Healthy Habits for a Healthy You

There are several ways to live a fulfilling and healthy lifestyle without having to make too many dramatic changes to your everyday routine. Slight variations or additions usually make for the biggest and lasting effect on your preexisting habits.

 

Eating breakfast

Breakfast is proven to be the most important meal of the day mainly because going from a fasted state (sleeping) to full activity needs fuel.  Fueling up at the start of the day will prepare you mentally and physically for your day as well as helping with weight control.  Breakfast skippers tend to eat more food than usual at the next meal, or tend to nibble on higher calorie snacks to help fight their hunger.

Park farther from work to walk more

By parking a little farther from where you normally park you are forced to walk a little farther.  Walking a little extra each day will burn more calories, reduces your risk of heart disease and stroke, lowers levels of LDL cholesterol (bad cholesterol), and helps keep your blood pressure in check, just to name a few.

No late night snacking

Everybody has an internal clock that works on an approximate 8-12 hour window.  Recent studies have shown that during the early and middle part of the day when we are more active our metabolism is running more efficiently than the later part of the day when our internal clocks are winding down to prepare for sleep.  Therefore we process energy more efficiently during the day when our biological clocks are “on” so to say.

Grocery shop on a full stomach

When we grocery shop on an empty stomach, we typically spend more money on food we wouldn’t usually buy mainly because it looks good and we’re hungry.  Additionally, it is very important to make a list and stick to it.  This way we, again, will purchase only the items we needed in the first place and are less likely to veer off course with what we are attempting to do nutritionally at home.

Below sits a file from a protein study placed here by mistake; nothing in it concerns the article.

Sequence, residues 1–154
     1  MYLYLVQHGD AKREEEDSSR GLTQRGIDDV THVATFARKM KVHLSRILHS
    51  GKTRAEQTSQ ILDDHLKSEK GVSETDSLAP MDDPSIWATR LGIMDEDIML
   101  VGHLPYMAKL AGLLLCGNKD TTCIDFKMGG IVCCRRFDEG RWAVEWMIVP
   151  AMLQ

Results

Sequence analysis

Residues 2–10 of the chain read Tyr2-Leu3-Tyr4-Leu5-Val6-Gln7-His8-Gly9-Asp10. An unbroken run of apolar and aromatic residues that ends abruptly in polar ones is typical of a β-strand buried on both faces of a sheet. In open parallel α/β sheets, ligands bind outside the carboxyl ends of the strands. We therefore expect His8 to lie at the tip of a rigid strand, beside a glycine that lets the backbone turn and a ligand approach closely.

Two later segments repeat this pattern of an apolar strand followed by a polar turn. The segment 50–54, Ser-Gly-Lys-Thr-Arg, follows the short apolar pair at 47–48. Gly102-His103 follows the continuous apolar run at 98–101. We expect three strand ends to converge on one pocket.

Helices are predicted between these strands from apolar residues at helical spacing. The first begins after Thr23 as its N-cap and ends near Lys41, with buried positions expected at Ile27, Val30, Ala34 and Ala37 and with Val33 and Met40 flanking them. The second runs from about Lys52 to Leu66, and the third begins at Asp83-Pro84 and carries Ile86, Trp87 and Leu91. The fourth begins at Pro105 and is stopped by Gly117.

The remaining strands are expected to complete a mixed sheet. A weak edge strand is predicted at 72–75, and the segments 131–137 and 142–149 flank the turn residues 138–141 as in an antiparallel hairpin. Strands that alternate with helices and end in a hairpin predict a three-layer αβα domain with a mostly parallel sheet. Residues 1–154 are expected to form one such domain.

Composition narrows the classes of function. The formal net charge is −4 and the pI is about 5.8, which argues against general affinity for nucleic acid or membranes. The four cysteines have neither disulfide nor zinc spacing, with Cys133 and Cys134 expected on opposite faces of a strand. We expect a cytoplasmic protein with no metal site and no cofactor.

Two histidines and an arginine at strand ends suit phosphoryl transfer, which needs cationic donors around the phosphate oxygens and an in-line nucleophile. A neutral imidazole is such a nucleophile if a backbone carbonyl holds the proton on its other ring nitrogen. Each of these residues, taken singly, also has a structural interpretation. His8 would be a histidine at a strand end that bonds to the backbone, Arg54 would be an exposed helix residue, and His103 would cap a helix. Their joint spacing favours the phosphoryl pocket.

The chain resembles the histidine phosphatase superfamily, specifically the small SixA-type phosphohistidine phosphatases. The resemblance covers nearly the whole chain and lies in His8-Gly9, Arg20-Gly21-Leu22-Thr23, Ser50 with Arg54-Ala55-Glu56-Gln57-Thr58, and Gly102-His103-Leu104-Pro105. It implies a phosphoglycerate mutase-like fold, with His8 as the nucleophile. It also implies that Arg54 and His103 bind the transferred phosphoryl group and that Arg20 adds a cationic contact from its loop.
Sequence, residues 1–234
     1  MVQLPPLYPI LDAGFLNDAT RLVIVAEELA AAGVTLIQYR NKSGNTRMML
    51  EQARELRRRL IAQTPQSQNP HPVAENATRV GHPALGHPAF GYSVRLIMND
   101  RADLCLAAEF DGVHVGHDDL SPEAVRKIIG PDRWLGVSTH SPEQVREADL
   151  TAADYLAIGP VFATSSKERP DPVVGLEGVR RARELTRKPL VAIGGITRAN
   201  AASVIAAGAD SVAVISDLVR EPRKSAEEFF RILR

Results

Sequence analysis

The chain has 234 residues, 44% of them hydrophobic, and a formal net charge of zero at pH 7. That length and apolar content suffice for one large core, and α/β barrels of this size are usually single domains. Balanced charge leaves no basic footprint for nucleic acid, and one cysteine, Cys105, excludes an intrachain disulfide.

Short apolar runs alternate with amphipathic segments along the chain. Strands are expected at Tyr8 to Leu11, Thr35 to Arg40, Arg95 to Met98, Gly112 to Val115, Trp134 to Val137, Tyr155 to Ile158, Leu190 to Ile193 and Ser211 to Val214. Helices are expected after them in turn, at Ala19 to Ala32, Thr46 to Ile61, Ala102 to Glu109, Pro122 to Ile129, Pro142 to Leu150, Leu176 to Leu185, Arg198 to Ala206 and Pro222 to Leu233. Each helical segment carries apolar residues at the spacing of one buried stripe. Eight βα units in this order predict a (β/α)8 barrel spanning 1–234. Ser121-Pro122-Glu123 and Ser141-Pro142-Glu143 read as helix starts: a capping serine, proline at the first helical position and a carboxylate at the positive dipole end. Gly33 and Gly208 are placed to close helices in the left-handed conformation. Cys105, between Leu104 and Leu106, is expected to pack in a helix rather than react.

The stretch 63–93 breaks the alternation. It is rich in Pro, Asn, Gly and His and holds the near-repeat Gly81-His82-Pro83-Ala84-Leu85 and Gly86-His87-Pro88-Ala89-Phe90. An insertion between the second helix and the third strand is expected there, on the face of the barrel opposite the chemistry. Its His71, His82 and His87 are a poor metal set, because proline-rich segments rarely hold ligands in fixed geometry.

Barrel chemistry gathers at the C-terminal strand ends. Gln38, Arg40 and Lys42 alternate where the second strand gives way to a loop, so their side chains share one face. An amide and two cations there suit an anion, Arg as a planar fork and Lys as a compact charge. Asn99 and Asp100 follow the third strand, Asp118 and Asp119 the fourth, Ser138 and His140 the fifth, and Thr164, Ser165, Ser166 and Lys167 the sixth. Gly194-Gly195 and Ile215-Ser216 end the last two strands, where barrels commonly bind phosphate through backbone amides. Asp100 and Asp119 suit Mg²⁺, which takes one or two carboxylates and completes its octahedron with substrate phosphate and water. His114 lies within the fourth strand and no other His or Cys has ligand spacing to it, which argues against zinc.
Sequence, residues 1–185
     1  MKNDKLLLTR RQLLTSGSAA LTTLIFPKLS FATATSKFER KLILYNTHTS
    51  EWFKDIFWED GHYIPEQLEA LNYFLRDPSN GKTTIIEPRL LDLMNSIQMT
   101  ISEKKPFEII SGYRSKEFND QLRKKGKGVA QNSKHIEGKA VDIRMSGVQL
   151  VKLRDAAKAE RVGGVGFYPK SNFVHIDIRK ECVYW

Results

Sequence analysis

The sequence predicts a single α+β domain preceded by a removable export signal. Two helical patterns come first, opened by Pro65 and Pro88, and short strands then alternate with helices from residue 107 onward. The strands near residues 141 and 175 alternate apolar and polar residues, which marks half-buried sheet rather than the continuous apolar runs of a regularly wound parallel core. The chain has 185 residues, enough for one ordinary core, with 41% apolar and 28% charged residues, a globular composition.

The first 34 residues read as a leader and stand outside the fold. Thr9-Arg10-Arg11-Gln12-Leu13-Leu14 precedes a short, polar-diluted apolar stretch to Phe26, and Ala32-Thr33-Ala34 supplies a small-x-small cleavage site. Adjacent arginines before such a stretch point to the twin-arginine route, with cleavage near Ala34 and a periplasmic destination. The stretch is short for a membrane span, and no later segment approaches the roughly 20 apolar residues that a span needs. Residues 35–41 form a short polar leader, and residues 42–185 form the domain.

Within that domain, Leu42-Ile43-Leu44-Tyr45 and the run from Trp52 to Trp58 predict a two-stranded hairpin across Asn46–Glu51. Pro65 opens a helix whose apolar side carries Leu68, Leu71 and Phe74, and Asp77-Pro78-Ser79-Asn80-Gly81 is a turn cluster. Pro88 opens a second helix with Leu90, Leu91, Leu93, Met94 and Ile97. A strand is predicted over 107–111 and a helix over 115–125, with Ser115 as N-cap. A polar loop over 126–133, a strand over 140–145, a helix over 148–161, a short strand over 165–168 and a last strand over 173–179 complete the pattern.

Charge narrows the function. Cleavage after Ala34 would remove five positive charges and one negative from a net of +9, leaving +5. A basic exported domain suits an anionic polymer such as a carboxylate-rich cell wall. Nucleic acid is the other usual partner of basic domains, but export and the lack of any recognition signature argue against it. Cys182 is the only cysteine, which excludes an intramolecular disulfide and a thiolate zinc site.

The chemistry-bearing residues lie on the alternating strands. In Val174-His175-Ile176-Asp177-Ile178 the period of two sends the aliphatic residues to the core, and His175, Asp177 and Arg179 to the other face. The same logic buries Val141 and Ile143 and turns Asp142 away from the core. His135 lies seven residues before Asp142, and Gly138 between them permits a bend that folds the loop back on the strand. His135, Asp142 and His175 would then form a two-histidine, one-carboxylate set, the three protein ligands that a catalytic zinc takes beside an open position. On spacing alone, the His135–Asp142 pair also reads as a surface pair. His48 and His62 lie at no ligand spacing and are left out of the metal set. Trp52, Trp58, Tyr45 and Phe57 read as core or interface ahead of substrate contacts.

Take the stairs

Instead of waiting an extra 2 to 5 minutes for the elevator to come, simply take the stairs.  This will give you the same benefits as parking farther away and walking a little more.  It helps you burn more calories, reduces your risk of heart disease and stroke, lowers levels of LDL cholesterol (bad cholesterol), and helps keep your blood pressure in check.

Eat smaller and more frequent meals

Smaller and more frequent meals throughout the day, as opposed to 2 or 3 larger meals, will help keep your metabolism running stronger and more efficiently throughout the day and increase the rate at which your body burns calories and therefore stores fat.  Larger, less frequent meals tend to get stored as fat in the body if the energy consumption is greater than the amount needed at the time.

Cook with healthy oils

Without giving a chemistry or nutrition lesson about oxidation, mono-, poly-, or saturated fats, we’ll keep it simple and straight forward.  Oils rich in fatty acids help improve HDL cholesterol levels (the good ones) and help kill bacteria and other pathogens in the body.   Of course as with everything, you should limit your intake of oils and fats, but they are also extremely important to include in your everyday diet to help protect your organs, regulate your internal body temperature, and help regulate hormone levels and production.  Listed below are some of the best fats to eat/cook with:  Coconut oil, butter (real), olive oil, animal fats (especially pasture raised or grass-fed), palm oil, avocado oil, fish oil, flax oil, canola oil, nut oils or peanut oil, seed and vegetable oils.

For desk jobs

For those of us that find we are constantly or intermediately performing a sit down desk job, it is important to take frequent breaks away from the computer screen.  This is for the sake of both our eye health and our bodies by giving our eyes a break from the screen and getting our bodies up from the chair to stretch. This will help with circulation to our lower limbs and help prevent varicose veins and tight muscles that may cause other structural health issues with our lower and upper body.

Make a shopping list

As mentioned previously about not grocery shopping on an empty stomach, it is also a good idea to make a shopping list.  It’s best to do one big shop on the weekend and stock up for the week to help save money and extra shopping trips during the week.  When you do this, you are more likely to stick to the list and are less tempted to go out and get little unnecessary items during the week, both of which hurt the pocketbook and wreak havoc on your diet discipline.

Cook for the week on the weekend

Along the same lines as making a shopping list comes dedicating one day a week (Sunday’s work great) to cooking and preparing several meals for the whole week.  This aids with portion control, helps you stay on your target eating habits, and minimizes the amount of times you go out to dinner, which again saves time, money, and your diet.